Thursday, April 13, 2006

The company of women

A couple of times in the past year I've driven past my old Catholic church and expected to feel a sharp, sudden sadness over losing that place. And of course I do feel profoundly saddened by what I've lost, but it's much deeper and more complex than that pang of nostalgia you sometimes experience at the sight of someplace that was once important in your life and no longer is.

It hit me full force yesterday when I was out on my bike after work, in what is new cycling territory for me. I was enjoying a meandering ride and found myself turning onto the road that leads to the retreat house where a small group of women from my parish used to gather for a weekend every year. When the building where we stayed came into view, I felt my chest tighten until it hurt. We made it through many years together but it's been two years now since the group got together. The numbers were going down anyway as we all got older; a couple of the women had died, others had health problems, and a few had moved away. The catastrophe back in the old parish was the final blow.

I don't know what the folks at the retreat house thought of us; our routine was not entirely traditional. Ours was certainly not a silent retreat. If anything, there were times when I would have appreciated a little more silence; if you wanted to be left alone with your own thoughts and prayers, you had to go into the chapel or take yourself away to someplace on the grounds where no one would find you. Our schedule included the usual conferences where a retreat leader would talk with us, and we had Mass together, and time set aside for walks along the canal or visits to the magnificent chapel at the retreat center, which used to be a seminary for boys from high school age up. (I think there still is a seminary on the grounds, though the high school section is gone and the overall numbers are way down.)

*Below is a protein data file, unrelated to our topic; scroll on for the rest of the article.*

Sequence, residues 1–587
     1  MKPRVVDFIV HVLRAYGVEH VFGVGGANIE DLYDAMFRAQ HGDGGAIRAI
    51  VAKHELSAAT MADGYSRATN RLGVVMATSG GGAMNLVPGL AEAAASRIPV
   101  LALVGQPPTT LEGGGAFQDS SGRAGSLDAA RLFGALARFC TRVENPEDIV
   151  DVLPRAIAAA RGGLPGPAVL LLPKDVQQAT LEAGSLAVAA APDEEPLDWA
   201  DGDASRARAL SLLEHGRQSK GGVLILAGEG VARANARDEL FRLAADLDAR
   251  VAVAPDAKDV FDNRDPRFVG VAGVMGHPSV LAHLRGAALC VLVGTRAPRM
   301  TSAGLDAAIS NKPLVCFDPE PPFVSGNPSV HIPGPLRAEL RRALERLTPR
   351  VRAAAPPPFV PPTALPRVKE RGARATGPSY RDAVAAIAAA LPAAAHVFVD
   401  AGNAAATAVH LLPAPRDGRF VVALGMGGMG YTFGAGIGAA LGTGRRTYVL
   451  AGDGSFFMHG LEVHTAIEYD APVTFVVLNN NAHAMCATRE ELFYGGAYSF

Then, at the end of each day, we'd have a wine and cheese gathering, where we'd laugh and gossip and tell stories long into the night. A couple of times we tried getting together in the "off season" between retreats, but it never seemed to work out due to schedule conflicts and so forth. But when we gathered together again at the retreat house each year, it felt as if we'd never been apart. That community of women sustained me in the church for a long time, and I miss them.

The Lord gave the word; great was the company of women who bore the tidings.
  • Psalm 68:11


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